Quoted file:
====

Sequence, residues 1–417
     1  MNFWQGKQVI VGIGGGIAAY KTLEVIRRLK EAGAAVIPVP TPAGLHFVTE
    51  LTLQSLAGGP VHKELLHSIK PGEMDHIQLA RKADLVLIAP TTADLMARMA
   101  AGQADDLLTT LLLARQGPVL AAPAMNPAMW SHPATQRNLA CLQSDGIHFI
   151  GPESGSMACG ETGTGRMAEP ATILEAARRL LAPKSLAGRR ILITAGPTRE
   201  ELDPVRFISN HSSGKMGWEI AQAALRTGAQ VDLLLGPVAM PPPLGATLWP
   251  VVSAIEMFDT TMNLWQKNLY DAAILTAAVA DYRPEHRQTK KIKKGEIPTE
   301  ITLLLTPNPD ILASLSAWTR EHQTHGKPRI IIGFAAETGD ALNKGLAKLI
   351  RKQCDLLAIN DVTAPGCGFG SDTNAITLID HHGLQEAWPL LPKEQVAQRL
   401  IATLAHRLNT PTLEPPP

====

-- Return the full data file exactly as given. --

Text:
Sequence, residues 1–417
     1  MNFWQGKQVI VGIGGGIAAY KTLEVIRRLK EAGAAVIPVP TPAGLHFVTE
    51  LTLQSLAGGP VHKELLHSIK PGEMDHIQLA RKADLVLIAP TTADLMARMA
   101  AGQADDLLTT LLLARQGPVL AAPAMNPAMW SHPATQRNLA CLQSDGIHFI
   151  GPESGSMACG ETGTGRMAEP ATILEAARRL LAPKSLAGRR ILITAGPTRE
   201  ELDPVRFISN HSSGKMGWEI AQAALRTGAQ VDLLLGPVAM PPPLGATLWP
   251  VVSAIEMFDT TMNLWQKNLY DAAILTAAVA DYRPEHRQTK KIKKGEIPTE
   301  ITLLLTPNPD ILASLSAWTR EHQTHGKPRI IIGFAAETGD ALNKGLAKLI
   351  RKQCDLLAIN DVTAPGCGFG SDTNAITLID HHGLQEAWPL LPKEQVAQRL
   401  IATLAHRLNT PTLEPPP